Latin American LNG imports increased by 0.23 Mt y/y in February to 0.93 Mt—the first substantial y/y increase since May 2016. The increase was driven by stronger imports into Chile and Mexico, while imports into Brazil remained very weak. Indications are that Argentina imported no LNG at all for the fourth consecutive month.
The Vaca Muerta shale play in Argentina remains at the heart of the changing energy landscape in Latin America. Production continues to grow in Argentina, by 0.1 bcm y/y to 3.82 bcm according to January data, and increased output has been a key driver of lower LNG imports. Last week, Argentina’s Tecpetrol announced a $US 2.3 billion investment in the Vaca Muerta through to 2019, by which time Tecpetrol is aiming to have produced 5.1 bcm/y (14 mcm/d). As the play continues to attract investment for production thanks to subsidised wellhead prices, it is hard to see Argentina’s LNG imports increasing any time soon.
The same dynamic is also at play in Brazil, where the growth in domestic output from the country’s pre-salt formations has seriously dented imports, which fell by 69% y/y to 0.45 bcm in January—the lowest level since at least. In addition to rising production, imports also took a hit from milder weather than last year and stronger hydro and wind generation.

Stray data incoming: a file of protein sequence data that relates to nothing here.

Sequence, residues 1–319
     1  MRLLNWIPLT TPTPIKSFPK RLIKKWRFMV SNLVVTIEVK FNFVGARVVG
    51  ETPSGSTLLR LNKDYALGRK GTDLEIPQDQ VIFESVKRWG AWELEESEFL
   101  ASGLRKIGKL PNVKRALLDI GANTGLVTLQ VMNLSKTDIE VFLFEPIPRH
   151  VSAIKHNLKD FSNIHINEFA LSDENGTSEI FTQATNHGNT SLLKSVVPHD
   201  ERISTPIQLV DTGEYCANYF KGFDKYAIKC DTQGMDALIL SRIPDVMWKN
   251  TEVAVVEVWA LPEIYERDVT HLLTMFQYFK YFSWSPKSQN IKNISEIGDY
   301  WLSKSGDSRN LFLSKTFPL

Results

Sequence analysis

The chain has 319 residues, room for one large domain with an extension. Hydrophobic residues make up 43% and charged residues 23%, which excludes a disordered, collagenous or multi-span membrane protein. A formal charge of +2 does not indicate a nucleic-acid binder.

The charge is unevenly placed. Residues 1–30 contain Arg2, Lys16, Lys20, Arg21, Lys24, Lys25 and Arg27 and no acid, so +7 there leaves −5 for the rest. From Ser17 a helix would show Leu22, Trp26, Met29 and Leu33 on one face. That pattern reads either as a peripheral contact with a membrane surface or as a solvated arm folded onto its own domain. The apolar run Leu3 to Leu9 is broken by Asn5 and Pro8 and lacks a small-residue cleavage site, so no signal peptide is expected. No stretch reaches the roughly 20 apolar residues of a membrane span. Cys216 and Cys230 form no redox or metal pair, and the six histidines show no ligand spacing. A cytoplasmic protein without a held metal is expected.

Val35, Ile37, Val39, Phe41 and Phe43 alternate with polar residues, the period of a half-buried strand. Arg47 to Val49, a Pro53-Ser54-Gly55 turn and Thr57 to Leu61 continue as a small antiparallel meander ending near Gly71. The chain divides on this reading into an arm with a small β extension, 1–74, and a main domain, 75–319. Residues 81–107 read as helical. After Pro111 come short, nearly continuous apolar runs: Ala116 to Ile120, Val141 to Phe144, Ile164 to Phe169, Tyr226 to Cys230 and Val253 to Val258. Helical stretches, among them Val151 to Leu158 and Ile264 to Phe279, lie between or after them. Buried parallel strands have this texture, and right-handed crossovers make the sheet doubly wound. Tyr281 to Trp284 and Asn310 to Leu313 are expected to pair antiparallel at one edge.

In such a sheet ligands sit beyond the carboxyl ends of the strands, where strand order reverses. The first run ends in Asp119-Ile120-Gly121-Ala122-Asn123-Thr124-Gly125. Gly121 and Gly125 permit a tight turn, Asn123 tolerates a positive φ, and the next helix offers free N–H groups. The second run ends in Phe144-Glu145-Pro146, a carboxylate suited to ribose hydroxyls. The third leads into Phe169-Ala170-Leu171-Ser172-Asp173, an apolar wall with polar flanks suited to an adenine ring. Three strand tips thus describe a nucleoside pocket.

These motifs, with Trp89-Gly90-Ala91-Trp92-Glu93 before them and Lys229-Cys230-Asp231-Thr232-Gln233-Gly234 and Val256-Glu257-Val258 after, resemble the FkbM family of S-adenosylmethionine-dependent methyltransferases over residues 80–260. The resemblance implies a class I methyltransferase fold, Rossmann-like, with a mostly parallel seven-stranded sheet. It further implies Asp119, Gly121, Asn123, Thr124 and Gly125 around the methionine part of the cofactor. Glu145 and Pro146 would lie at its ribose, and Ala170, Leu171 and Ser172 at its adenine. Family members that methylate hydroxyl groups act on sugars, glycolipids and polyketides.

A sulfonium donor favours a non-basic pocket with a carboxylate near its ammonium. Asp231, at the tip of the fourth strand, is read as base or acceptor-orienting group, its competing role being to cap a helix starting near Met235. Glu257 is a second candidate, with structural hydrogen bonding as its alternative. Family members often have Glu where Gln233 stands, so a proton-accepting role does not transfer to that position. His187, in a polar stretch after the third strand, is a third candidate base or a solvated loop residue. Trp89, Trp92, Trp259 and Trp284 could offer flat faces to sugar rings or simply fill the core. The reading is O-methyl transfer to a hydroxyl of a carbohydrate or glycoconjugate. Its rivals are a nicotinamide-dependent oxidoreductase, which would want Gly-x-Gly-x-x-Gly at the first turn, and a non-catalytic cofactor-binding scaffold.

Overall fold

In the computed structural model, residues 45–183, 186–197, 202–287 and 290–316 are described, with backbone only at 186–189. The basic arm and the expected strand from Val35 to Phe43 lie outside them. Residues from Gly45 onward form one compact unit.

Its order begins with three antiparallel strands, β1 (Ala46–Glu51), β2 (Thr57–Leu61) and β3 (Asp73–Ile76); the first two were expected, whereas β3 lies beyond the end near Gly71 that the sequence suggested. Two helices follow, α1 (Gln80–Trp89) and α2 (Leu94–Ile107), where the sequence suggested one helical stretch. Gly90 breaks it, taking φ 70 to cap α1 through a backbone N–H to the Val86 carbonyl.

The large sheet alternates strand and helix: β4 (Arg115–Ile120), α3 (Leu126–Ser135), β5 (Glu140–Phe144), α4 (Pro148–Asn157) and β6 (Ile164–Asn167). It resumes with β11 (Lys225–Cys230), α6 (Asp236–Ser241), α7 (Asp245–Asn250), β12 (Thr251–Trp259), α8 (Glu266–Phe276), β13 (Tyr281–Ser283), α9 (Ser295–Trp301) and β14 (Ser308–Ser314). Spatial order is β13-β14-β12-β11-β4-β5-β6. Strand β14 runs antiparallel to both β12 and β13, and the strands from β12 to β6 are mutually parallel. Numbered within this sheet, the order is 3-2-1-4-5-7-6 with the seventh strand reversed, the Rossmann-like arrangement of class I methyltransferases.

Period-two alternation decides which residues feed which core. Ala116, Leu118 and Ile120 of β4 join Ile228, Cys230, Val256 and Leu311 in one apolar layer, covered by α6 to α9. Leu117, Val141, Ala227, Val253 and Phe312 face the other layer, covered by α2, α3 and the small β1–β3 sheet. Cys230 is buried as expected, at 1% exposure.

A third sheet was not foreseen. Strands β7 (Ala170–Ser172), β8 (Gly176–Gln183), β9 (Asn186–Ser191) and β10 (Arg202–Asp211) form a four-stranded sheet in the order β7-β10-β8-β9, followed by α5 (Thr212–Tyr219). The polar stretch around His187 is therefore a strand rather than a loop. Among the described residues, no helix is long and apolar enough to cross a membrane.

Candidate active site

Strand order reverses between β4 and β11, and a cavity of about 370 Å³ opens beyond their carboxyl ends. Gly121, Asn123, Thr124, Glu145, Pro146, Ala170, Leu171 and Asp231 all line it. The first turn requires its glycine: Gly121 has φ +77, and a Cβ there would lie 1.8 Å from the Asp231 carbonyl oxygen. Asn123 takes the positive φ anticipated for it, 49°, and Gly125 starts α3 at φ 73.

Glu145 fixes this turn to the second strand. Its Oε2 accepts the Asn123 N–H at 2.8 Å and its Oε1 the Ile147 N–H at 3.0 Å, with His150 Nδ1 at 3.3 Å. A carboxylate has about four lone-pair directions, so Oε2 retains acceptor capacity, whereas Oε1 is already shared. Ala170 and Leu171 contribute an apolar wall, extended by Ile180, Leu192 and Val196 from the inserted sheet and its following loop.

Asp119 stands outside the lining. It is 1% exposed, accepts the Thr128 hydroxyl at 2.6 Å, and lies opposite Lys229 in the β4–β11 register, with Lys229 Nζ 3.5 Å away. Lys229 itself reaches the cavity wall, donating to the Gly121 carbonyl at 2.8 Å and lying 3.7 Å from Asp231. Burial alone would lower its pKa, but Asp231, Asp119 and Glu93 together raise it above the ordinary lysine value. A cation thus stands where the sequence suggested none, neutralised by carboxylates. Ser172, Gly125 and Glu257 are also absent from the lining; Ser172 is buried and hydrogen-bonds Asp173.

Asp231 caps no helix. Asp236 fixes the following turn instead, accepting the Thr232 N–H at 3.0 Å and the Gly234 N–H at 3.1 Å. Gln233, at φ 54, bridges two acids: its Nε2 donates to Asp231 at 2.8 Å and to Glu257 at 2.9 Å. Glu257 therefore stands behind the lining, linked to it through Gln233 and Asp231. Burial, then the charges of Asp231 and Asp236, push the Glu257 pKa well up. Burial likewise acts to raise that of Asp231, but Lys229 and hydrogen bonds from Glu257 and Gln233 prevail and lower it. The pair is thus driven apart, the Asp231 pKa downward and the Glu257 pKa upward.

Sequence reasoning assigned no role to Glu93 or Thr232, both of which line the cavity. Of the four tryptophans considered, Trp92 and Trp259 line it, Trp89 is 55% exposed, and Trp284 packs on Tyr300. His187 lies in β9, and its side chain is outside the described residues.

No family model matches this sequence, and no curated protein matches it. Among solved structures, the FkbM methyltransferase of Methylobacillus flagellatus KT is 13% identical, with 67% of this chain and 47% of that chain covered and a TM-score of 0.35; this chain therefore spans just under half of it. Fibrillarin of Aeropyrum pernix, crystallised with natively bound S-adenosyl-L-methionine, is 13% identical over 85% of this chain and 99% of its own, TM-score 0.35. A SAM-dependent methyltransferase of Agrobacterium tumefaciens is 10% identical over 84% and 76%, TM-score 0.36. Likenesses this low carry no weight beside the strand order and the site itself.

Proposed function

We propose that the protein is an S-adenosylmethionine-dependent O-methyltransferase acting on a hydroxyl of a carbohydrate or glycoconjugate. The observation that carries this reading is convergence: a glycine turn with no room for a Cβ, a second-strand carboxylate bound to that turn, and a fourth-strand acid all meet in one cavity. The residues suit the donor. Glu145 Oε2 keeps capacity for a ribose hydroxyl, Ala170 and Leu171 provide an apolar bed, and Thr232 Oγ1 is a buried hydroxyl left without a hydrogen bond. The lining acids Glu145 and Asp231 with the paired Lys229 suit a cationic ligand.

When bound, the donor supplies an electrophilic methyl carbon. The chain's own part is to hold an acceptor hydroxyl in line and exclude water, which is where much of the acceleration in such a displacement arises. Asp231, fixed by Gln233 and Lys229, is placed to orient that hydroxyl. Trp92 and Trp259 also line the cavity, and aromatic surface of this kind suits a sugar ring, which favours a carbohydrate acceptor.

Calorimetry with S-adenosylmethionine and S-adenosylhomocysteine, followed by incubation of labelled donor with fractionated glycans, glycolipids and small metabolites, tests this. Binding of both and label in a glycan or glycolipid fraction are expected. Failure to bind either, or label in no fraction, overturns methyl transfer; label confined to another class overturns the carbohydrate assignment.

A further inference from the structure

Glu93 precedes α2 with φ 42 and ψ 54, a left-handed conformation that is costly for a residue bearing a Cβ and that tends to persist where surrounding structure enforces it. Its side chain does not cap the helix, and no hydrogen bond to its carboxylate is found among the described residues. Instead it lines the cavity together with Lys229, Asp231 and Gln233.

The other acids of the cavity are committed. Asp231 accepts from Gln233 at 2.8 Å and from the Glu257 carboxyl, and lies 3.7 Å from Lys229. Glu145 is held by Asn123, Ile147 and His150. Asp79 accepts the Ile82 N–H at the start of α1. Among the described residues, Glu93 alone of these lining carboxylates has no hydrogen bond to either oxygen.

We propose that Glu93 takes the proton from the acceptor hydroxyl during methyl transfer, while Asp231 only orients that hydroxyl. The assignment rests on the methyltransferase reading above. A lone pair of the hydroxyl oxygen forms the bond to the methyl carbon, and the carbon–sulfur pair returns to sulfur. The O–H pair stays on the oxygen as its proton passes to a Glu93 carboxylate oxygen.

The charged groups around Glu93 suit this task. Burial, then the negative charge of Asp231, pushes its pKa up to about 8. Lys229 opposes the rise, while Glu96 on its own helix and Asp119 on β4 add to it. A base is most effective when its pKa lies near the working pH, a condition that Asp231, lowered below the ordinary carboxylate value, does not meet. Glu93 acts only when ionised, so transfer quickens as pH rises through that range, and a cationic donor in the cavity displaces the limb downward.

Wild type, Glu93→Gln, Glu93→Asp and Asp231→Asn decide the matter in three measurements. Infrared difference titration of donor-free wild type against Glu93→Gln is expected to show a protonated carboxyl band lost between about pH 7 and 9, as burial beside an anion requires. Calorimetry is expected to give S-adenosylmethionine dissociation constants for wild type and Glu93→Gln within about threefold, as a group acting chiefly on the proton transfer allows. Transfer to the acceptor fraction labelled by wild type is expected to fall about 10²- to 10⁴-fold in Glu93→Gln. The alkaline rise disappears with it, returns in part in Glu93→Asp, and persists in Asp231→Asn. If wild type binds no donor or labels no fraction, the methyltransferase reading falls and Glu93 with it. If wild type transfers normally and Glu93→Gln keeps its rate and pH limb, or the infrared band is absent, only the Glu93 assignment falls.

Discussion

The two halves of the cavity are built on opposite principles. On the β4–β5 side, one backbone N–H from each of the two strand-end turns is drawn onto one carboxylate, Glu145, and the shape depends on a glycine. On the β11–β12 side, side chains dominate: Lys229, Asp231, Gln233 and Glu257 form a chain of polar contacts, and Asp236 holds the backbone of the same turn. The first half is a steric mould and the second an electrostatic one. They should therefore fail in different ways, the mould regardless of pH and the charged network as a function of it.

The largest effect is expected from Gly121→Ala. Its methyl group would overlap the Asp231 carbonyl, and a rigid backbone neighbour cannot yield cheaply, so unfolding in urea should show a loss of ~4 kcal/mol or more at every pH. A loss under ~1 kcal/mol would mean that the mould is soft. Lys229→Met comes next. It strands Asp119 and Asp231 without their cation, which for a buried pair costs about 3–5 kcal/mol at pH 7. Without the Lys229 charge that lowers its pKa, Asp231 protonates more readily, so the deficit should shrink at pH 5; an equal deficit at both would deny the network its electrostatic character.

In February, the bright light amongst LNG importers was Chile, which imported 0.32 Mt, an increase of 0.20 Mt y/y. The strong imports came on the shoulders of the hottest February in 10 years (likely a result of La Niña) and much weaker hydro generation. Data point to Mexico importing 0.28 Mt of LNG in February, higher by 0.15 Mt (112%) y/y on last year’s low base.
The key themes for Latin America remained unchanged, with rising production, increasing renewables generation and a muted macroeconomic outlook likely to continue to eat away at LNG imports.
We are forecasting a 2.0 Mt y/y reduction in 2017 LNG imports into Latin America. The main upside for this year would be if hydro generation from the southern importers continues to suffer on drier-than-normal conditions. For 2018, we see another drop of 1.9 Mt from the main importers, as most of the same dynamics playing out in 2017 should continue, particularly the expansions in regional gas production.